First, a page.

Tony Ardizzone was born and raised on the North Side of Chicago and is the author of
eight books of fiction. His work includes the novel The Whale Chaser (Academy Chicago
Publishers, 2010; paperback edition, Chicago Review Press, forthcoming Spring 2015) and a
recently completed interconnected collection of short stories set in Rome, currently titled
By the Fountain of the Four Rivers.
His work also includes the edited anthology The Habit of Art: Best Stories from the Indiana
University Fiction Workshop, (Indiana University Press, 2005), the novel In the Garden of
Papa Santuzzu (Picador USA/St. Martin's Press, 1999; paperback, 2000), and the interconnected
collection Larabi's Ox: Stories of Morocco, (Milkweed Editions, 1992). A paperback edition
of his 1986 book of short stories, The Evening News, was published in Spring 2013 by the
University of Georgia Press as part of the press's celebration of the 30th anniversary of its
Flannery O'Connor Award competition.
In addition to the Flannery O'Connor Award for Short Fiction, Ardizzone's writing has been
awarded the Milkweed Editions National Fiction Prize, the Pushcart Prize, the Chicago Foundation
for Literature Award for Fiction sponsored by the Friends of Literature, the Virginia Prize for Fiction,
the Lawrence Foundation Award, the Bruno Arcudi Literature Prize, the Prairie Schooner Readers'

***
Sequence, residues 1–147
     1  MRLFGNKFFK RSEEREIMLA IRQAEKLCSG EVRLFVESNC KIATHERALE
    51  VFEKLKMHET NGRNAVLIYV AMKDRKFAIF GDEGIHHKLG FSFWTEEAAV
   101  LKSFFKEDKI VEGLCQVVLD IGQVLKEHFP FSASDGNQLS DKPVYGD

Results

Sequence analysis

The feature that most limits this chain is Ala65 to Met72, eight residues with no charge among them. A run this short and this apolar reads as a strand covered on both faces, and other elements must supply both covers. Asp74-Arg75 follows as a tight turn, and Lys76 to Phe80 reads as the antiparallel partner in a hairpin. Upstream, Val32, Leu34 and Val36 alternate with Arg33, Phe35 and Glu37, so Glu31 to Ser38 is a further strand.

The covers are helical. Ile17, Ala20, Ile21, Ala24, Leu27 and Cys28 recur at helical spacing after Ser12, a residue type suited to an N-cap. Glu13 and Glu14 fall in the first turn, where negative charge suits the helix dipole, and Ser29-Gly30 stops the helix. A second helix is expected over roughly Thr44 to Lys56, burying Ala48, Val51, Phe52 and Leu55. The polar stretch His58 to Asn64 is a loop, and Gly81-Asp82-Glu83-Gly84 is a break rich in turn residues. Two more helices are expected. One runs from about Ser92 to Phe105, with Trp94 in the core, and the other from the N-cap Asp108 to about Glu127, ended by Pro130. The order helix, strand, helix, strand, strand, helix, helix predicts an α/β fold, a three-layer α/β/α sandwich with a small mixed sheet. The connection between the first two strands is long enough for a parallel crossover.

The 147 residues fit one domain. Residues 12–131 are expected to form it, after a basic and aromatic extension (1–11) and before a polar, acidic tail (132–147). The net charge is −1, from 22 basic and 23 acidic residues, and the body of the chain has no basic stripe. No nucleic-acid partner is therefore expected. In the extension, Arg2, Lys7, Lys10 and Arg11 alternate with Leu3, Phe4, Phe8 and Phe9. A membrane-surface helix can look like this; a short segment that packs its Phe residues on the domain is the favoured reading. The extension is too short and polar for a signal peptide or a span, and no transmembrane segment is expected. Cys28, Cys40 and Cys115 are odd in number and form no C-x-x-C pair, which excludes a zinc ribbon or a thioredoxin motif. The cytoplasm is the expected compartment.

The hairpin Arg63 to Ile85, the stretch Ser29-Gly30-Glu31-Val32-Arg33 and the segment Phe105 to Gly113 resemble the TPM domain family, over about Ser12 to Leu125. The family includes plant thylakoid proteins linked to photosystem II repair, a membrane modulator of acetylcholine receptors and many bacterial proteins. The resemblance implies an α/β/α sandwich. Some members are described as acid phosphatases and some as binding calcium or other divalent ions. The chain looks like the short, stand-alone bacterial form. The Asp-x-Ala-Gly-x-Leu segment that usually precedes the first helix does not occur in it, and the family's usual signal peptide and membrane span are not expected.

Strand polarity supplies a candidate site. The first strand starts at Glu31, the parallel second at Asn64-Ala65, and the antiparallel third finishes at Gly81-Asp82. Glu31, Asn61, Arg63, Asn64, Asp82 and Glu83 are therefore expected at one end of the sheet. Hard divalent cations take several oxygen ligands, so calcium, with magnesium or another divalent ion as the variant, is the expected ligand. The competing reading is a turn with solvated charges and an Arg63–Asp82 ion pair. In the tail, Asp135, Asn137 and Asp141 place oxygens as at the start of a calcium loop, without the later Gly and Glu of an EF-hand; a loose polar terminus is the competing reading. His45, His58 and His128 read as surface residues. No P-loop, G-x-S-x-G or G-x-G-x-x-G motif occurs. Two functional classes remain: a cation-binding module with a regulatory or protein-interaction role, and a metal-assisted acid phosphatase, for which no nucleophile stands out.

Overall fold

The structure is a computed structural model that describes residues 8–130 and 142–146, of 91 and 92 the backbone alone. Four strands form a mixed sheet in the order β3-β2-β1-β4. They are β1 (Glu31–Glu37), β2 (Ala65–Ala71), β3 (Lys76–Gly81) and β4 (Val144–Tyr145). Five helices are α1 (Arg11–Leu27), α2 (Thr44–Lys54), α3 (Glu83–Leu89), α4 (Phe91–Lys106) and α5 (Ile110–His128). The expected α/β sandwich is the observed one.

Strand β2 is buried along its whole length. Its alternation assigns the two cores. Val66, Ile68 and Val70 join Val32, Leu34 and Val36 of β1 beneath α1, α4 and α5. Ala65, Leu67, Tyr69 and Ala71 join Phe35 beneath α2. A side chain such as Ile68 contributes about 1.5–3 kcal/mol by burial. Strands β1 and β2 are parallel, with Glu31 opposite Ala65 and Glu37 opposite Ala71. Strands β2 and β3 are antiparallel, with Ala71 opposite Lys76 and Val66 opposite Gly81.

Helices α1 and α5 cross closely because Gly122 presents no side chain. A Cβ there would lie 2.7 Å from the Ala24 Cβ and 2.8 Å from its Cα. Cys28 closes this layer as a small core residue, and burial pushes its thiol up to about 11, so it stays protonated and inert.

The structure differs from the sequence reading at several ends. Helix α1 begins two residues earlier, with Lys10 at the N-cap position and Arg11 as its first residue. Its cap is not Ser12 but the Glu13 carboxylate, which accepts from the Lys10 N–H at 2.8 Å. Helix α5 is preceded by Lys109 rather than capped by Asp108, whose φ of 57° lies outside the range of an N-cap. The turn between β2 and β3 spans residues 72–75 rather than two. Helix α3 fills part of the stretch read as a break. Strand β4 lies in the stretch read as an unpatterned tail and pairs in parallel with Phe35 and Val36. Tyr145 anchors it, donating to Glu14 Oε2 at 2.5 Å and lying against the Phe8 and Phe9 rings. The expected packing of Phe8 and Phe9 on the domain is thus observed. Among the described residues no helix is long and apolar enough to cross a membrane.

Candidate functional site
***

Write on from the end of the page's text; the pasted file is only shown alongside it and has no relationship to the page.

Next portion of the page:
Choice Award, the Black Warrior Review Literary Award in Fiction, the Cream City Review
Editors' Award in Nonfiction, as well as two individual artist fellowships in fiction from the
National Endowment for the Arts.
In Spring 2013 Ardizzone left his position at Indiana University and relocated to Portland, Oregon.
At Indiana, Ardizzone received the 2012 Trustees Award for Teaching as well as the 2005 Tracy M. Sonneborn
Award, given annually to a faculty member for outstanding teaching and research. In 2006 the university
named him Chancellor's Professor of English, a title given to faculty members who have achieved local,
national, and international distinction in teaching and research.
At Indiana he offered courses in creative writing and the craft of fiction, ethnic American literature,
20th century American fiction, creative writing pedagogy, and literary interpretation. He also served two
terms as Director of the Creative Writing Program, as well as a pair of terms on the Board of Directors of
the Association of Writers and Writing Programs. Prior to his position at Indiana, he taught at Old Dominion
University in Norfolk, Virginia, where he founded its creative writing program and served for nine years as
its program director. He has also taught for several years in the low-residency MFA Program at Vermont
College in Montpelier.
This site is dedicated to information about and critical reviews of his creative work. The
site also contains a biography of the author, occasional interviews (conversations), and a page of links
of literary and cultural interest.